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The Concertante Effect

New York
Merkin Concert Hall
09/14/2004 -  
Gioacchino Rossini: Duo in D for Cello and Double Bass
Richard Strauss: Metamorphosen
Franz Schubert: "Trout" Quintet

Adam Neiman (piano)

Just this week, after 66 years, the New York stage premiere of Daphne by Richard Strauss was mounted by City Opera at Lincoln Center. Among other notable passages is the instrumental music that accompanies the maiden’s transformation into the laurel tree, a preservation of her innocence for all eternity. This section, a particular favorite of the composer and his wife in their last years, reads like a sketch for Strauss’ highly emotional Metamorphosen, the poignant, tear-stained, stringed recollection of an era now lost forever. This is decidedly the music of an old man.

Christa Ludwig learned her singer’s craft from her mother, who retired from the opera stage to raise her family. Mother’s great wish for her precocious darling was that she could last long enough physically as a singer to be able to put into her music what she had learned from life experience. There are simply some pieces that cannot be fully explored by young people: no conductor should even be allowed to open the score of Falstaff until after his sixtieth birthday.

So what can a brash Gen Y group like Concertante do with the regretful music of the aged Strauss? Offer a new and interesting version, for one thing. The arrangement for string septet is really a rarity and these extremely accomplished musicians put it forward with great aplomb. Evocative of that radiant section of Capriccio for sextet, this chamber adaptation has refreshing clarity but not enough thickness to really express the deep feelings inscribed within the work. Unlike, for example, Transfigured Night, this piece must have a somewhat beefy sound to be completely successful. But this fine young group still impressed with its emotional involvement and extremely solid technique.

It was while listening to an interview with Ms. Ludwig that I first realized the unique contrarian quality of Schubert’s lieder. She pointed out that Death and the Maiden was actually a song of comfort while Die Forelle, despite its outward jollity, was in fact a song of deep sadness. However, the chamber piece derived from the latter song is filled with Gemuetlichkeit, may indeed be the very emblem of neighborly fellow-feeling. Still, there is that underlying Schubertian sadness, the pent-up feelings of the wallflower condemned to always watch the gaiety from a respectful distance (the essence of much of the magic of Mahler as well).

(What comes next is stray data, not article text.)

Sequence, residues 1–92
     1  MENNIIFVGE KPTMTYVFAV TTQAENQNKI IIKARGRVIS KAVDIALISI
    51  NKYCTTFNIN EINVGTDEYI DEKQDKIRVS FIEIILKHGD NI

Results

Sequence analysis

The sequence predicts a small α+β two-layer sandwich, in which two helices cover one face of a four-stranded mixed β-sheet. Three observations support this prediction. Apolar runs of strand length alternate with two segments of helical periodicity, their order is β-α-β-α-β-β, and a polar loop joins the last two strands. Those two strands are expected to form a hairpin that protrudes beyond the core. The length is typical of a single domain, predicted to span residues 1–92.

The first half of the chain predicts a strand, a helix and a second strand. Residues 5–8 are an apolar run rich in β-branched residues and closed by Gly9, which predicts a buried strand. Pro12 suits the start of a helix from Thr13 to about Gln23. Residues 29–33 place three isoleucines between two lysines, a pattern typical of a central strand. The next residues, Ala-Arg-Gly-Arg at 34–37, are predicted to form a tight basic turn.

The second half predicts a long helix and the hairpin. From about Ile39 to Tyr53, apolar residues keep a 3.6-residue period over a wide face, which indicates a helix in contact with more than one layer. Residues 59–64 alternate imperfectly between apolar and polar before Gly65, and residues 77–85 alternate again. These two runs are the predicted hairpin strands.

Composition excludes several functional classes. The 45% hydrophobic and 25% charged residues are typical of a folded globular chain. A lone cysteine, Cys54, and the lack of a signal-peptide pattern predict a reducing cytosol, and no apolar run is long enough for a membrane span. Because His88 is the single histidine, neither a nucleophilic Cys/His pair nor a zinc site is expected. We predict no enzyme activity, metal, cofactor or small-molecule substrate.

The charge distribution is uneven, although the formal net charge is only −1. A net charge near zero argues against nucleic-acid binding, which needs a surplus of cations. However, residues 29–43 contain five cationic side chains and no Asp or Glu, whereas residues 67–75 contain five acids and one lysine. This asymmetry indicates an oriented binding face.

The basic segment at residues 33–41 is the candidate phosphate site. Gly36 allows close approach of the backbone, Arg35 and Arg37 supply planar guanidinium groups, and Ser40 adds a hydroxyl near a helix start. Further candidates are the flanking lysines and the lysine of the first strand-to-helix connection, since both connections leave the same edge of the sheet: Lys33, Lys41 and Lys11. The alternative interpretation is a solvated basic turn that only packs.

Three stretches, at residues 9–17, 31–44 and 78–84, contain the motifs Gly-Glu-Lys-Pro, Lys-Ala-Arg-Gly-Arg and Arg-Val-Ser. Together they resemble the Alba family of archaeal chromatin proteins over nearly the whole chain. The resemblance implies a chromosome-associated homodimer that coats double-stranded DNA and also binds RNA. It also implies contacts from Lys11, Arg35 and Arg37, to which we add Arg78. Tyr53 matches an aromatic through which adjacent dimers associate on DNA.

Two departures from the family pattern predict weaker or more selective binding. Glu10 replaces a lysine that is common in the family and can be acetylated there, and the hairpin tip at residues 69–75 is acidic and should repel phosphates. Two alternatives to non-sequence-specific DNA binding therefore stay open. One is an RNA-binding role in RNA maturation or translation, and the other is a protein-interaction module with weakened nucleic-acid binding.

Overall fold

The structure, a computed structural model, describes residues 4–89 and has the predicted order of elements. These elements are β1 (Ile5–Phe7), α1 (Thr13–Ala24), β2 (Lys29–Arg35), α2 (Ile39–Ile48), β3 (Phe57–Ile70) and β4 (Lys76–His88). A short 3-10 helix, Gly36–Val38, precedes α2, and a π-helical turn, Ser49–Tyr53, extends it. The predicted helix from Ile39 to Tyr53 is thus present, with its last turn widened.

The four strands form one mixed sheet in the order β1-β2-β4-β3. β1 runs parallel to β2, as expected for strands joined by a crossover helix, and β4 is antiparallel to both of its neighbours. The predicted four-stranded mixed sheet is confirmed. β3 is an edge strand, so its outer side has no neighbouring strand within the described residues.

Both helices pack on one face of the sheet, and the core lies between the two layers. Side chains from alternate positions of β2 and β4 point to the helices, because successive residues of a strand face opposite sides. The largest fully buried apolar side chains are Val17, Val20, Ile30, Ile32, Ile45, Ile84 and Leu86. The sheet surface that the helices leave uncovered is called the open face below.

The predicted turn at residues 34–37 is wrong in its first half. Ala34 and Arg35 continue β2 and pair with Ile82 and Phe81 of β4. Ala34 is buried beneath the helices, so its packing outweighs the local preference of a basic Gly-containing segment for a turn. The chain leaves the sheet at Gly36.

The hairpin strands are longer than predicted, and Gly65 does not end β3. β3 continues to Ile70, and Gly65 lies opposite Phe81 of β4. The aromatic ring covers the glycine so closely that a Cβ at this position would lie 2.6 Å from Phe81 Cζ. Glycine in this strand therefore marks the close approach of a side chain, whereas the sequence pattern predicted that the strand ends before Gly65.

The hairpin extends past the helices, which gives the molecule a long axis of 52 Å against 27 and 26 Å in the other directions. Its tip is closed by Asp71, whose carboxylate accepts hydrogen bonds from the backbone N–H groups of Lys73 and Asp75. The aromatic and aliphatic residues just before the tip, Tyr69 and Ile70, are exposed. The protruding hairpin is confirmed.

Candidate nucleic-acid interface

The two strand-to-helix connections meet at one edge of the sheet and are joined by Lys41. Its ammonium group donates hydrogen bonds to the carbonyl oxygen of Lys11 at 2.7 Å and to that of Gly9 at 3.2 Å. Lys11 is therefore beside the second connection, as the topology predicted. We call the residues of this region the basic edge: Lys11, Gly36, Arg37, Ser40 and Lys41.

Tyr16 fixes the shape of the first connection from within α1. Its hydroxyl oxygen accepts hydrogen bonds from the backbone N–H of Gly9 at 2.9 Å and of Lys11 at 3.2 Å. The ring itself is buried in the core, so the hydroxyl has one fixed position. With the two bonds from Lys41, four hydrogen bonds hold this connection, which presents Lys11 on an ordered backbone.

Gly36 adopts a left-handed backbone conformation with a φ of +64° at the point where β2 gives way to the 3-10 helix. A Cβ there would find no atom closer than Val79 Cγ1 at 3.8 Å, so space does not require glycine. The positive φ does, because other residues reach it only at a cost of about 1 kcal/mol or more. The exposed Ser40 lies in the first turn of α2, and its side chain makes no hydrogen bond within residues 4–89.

This performance was simply wonderful. Joined by pianist Adam Neiman, Concertante delivered one of the most robust and ebullient readings that I have ever heard. Concentrating on a lighter touch, the group dug deeply into the dance rhythms and infectiousness that is Schubert at his magical best. No piece in the entire repertoire is as life-affirming as the ”Trout”, but it takes a certain spirit to truly capture this most delicious of fish. The playing was exceptional throughout and Mr. Neiman added just the right sense of contrast between powerful and buoyant.

My only problems with this reading were stylistic ones. There were several instances of ornamental touches that simply did not belong in a piece still spawned under the influence of Classicism. Internal crescendi seemed effective, but in a romantic way that evoked the latter part of the 19th century rather than the earlier. However, this is but a cavil. Overall we were treated to really fine music-making with an enthusiastic crowd relishing every moment (so much so, in fact, that they applauded vigorously after the famous false ending).

I have now taken three different musically sophisticated friends to the last three Concertante events. Each time, the reaction has been the same: “I can’t believe how great they are!”. From now on, let’s call this the Concertante effect. It is so difficult for a younger group to get proper recognition. Here’s hoping that these particulars players get out from under their bushel soon.

Frederick L. Kirshnit



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